Is it impossible today, at the real peak so far of the Bloodhound Gang's fame, to not catch one of their songs somewhere amongst the ever-buzzing media outlets around oneself? I would say no. While not the rarest occurrence, nor too common of one, you will eventually hear a Bloodhound Gang tune on the radio, from your television, in your friend's sister's car...the possibilities are all there. But what exactly made them the unique and sexually unheard of group that they are today? Why, just like all bands, their debut set the bar for them on what was to come. This album marked the beginning of not only the band itself, but what I think became the funniest and most entertaining musical project of not only their genre...but in my opinion, one of the best I've heard anywhere in a long while. It was called Use Your Fingers.
For those who are accustomed to hearing BHG frontman Jimmy Pop rapping along with the flowing rhythm of his DJ, and really enjoy it, you should find a pretty decent alternative to the Beastie Boys in this album. Theres hardly any of the usual banging guitar backing and catchy bass riffs you usually hear on recent Bloodhound Gang songs. The band was more of an experimental group at this time, using their talents with turntables and vocals to twist covers of classic songs into tracks of their own (namely "Kids In America and "One Way"). This is a rap album in all respects, and a good one too. As said before it should remind you of Beastie Boys, mainly because the singing on "Use Your Fingers" sounds like recent BB. Not only them, but Sublime has obviously made a slight impact on this group of boys, if anything.
Despite the striking vocal resemblances, catchiness, and original songs, this like all debuts does have its fair share of flaws. I've heard many complaints about the same thing, and I can agree to an extent, that this album is repetitive. Theres no denying it: Some lyrics are so worn out by the end of a song that for certain people it can take away from the listening experience. This has been known to be an unfortunate but still listen able aspect of many of the bands albums, and it doesn't exactly kill the CD in any way. As for the actual lyrics themselves, nothing genius as far as ballads or revolutionary subjects go, but of course their good. Average in almost all ways, but humorous nevertheless, and they fit together perfectly. Jimmy Pop can really rhyme when he wants to...which is usually always.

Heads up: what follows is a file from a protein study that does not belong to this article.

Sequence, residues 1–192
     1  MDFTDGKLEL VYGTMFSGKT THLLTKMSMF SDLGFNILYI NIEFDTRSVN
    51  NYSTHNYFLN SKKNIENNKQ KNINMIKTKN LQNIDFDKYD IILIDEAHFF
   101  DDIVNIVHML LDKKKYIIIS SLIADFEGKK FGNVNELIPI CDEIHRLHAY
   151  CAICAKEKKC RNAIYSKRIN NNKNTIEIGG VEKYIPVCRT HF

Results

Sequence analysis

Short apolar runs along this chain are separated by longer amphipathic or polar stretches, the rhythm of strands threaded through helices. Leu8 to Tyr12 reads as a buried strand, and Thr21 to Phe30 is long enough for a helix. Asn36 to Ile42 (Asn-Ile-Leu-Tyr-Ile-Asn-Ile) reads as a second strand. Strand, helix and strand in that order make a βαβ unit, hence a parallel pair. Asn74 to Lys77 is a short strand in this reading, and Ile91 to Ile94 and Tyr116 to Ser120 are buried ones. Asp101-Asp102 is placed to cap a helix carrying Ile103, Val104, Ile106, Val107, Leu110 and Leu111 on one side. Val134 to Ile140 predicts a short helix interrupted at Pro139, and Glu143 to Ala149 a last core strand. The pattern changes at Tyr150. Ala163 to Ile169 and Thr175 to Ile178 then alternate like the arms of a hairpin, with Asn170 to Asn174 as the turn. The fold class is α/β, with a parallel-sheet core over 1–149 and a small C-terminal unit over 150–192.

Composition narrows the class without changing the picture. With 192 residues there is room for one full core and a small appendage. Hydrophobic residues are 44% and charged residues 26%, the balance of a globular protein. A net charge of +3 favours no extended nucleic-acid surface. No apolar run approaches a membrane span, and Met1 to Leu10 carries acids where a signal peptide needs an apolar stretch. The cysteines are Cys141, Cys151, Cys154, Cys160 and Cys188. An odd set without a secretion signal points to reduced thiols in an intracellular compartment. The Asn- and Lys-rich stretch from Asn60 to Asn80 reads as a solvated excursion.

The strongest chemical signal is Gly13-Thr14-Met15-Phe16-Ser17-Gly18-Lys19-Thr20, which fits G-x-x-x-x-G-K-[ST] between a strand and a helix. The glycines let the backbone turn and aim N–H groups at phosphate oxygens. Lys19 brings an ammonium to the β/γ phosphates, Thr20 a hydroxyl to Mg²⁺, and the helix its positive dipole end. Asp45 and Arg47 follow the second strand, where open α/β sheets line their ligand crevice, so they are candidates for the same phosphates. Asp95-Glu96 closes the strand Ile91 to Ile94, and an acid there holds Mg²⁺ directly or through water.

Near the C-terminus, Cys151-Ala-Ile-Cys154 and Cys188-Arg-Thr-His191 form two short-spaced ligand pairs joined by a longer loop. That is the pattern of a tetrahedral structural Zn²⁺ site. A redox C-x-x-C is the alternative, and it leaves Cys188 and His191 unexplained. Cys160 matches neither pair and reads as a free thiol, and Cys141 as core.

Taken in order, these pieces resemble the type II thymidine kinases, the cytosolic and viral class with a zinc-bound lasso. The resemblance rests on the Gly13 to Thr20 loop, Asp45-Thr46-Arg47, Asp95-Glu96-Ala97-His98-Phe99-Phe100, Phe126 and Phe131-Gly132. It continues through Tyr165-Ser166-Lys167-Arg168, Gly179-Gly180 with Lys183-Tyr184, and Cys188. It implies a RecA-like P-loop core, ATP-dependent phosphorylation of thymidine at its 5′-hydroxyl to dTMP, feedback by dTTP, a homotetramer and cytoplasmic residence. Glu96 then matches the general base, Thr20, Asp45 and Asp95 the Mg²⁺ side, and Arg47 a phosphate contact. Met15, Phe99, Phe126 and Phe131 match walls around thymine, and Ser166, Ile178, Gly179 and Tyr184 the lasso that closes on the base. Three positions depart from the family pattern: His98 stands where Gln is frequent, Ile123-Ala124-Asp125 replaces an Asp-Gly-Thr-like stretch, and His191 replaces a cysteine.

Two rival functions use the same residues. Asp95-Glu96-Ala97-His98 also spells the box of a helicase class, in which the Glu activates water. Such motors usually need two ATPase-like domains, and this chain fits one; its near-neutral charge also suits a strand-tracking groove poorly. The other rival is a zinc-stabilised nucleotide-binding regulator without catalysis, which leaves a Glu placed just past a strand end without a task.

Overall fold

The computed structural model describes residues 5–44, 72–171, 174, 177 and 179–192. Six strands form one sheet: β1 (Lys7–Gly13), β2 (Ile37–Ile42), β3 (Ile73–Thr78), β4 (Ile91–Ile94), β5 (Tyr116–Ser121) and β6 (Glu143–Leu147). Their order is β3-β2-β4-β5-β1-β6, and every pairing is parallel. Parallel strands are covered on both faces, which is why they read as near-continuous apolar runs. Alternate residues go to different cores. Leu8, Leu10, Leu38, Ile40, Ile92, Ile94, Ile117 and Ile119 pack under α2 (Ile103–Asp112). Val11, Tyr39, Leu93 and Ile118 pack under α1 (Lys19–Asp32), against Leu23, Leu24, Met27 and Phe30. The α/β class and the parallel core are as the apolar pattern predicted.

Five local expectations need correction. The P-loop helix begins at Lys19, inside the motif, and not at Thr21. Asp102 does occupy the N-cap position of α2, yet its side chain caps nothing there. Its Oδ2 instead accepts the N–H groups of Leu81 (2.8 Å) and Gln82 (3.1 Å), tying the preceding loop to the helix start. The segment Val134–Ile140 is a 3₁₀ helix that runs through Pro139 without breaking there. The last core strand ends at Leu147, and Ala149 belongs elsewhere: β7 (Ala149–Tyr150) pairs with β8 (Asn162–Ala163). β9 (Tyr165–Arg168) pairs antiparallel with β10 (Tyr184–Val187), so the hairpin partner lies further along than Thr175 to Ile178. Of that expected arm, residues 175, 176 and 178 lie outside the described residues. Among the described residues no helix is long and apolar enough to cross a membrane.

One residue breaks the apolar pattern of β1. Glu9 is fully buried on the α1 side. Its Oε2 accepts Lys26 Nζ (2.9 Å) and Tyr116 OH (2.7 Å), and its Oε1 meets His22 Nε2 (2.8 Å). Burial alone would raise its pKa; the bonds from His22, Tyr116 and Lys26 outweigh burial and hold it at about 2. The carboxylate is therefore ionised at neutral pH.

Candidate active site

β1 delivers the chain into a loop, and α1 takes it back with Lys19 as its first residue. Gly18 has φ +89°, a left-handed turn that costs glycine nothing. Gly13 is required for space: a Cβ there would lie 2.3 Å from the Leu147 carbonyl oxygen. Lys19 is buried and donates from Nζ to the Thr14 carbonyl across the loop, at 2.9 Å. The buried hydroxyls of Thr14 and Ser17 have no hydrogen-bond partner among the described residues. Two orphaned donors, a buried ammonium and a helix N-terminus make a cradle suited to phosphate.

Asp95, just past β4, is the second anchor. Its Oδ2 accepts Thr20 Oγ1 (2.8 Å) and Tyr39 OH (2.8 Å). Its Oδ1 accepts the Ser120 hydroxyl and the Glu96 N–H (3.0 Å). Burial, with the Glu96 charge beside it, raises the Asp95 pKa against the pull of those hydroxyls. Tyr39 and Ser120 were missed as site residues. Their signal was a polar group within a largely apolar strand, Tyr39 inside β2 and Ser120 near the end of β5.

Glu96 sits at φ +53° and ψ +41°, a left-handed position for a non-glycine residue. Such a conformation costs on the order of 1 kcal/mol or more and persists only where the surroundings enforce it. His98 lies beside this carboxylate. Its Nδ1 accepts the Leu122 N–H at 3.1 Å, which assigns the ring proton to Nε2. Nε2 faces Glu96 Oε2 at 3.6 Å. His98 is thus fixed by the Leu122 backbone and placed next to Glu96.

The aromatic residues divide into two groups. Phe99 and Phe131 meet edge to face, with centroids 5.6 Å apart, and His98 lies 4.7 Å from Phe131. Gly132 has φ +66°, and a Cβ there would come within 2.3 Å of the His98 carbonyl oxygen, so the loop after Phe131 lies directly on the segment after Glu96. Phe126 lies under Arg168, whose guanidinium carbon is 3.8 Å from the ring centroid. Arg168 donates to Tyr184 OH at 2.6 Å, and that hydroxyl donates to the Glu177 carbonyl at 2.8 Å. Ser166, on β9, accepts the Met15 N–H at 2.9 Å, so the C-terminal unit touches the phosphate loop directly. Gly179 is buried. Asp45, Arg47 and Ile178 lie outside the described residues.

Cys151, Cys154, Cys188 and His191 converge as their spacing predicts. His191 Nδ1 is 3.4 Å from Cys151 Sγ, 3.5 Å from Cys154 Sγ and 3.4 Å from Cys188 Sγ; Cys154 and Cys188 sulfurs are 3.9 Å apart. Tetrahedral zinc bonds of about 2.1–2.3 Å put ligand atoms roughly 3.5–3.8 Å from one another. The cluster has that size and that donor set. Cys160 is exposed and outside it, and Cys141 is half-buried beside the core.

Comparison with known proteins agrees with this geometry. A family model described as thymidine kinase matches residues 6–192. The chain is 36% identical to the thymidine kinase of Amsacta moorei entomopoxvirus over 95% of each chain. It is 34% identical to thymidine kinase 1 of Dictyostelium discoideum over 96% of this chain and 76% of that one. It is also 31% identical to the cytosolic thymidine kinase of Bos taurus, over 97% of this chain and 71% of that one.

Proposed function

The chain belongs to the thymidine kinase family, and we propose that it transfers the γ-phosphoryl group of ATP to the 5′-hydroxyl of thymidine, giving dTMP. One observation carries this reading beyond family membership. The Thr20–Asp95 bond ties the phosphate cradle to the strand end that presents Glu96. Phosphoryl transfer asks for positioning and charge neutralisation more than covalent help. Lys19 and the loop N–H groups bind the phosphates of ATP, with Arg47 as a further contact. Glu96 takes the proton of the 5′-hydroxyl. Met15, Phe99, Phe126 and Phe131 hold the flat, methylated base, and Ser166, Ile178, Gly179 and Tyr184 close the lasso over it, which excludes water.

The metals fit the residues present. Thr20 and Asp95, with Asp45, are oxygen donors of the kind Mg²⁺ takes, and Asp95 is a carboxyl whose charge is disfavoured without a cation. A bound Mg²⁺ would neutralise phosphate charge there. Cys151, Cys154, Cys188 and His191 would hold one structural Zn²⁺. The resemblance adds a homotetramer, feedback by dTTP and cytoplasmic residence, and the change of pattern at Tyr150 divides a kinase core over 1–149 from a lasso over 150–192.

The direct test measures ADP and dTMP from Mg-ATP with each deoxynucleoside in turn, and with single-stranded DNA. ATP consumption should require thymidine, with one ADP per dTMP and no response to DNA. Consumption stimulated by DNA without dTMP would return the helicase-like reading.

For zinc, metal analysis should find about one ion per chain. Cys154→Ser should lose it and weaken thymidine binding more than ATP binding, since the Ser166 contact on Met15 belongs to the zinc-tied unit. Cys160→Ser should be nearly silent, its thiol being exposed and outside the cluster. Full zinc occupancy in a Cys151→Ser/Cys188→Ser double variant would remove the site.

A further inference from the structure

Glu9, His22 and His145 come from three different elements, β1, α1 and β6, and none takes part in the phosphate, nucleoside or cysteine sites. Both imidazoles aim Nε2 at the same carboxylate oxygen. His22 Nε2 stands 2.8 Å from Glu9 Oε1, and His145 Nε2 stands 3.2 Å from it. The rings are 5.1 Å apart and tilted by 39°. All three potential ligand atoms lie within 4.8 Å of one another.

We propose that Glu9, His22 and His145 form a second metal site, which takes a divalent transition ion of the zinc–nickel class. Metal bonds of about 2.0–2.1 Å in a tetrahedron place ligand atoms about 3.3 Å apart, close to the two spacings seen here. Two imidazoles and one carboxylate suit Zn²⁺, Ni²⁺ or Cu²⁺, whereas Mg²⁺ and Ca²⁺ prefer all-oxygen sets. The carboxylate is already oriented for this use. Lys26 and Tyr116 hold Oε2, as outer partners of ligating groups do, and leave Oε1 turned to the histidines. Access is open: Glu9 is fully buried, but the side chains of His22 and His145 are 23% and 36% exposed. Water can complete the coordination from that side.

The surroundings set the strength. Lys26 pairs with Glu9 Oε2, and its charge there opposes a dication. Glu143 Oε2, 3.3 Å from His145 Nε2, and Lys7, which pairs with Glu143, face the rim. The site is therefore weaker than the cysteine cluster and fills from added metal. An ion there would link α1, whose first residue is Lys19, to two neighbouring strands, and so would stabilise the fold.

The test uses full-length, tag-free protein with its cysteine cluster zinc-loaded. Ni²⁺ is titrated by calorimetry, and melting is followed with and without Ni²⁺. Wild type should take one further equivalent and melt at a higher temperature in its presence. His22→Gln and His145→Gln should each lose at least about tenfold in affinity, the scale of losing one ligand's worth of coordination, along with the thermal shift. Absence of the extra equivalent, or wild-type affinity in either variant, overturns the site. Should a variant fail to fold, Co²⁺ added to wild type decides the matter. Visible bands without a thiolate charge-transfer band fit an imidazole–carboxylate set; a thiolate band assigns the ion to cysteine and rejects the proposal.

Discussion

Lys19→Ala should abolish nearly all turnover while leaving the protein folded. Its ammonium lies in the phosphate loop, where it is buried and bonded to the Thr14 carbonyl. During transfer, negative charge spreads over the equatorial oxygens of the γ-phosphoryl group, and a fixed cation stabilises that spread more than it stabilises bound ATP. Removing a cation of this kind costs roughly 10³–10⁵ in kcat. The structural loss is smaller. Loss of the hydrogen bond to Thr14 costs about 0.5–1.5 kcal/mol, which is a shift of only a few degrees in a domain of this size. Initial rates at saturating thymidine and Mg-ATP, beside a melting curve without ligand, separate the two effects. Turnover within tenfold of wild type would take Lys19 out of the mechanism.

Any other factors on "Use Your Fingers" that may turn off the casual listener don't take away from the music itself, which flows nicely and isn't too long or too short, and if a certain song is bothering you it will most likely be over before it becomes a real nuisance. I can't say anything terrible about UYF because there isn't anything that negative to preach about. This debut by Bloodhound Gang is the average first effort:
Its catchy, but repetitive at times.
Many of the songs sound like each other, but its not exactly a bad thing.
Its quite an easy task to pick out each individual influence, ranging from Beastie Boys and Cypress Hill to Sublime and Cake.
Its short and sweet.
That being said, I would probably only recommend this album to those who are either interested in hearing everything this band has to offer; each and every side of the Bloodhound Gang...or to big fans of the band. Theres nothing on this record that will probably stick in your head for more than a day or two, so don't expect any memorable riffs or extremely catchy tunes like on later BHG releases. But if your looking for something quick, fun and enjoyable for the time being (kind of like a stripper), by all means dig up some of the recommended tracks.
You're Pretty When I'm Drunk
Coo Coo Ca Choo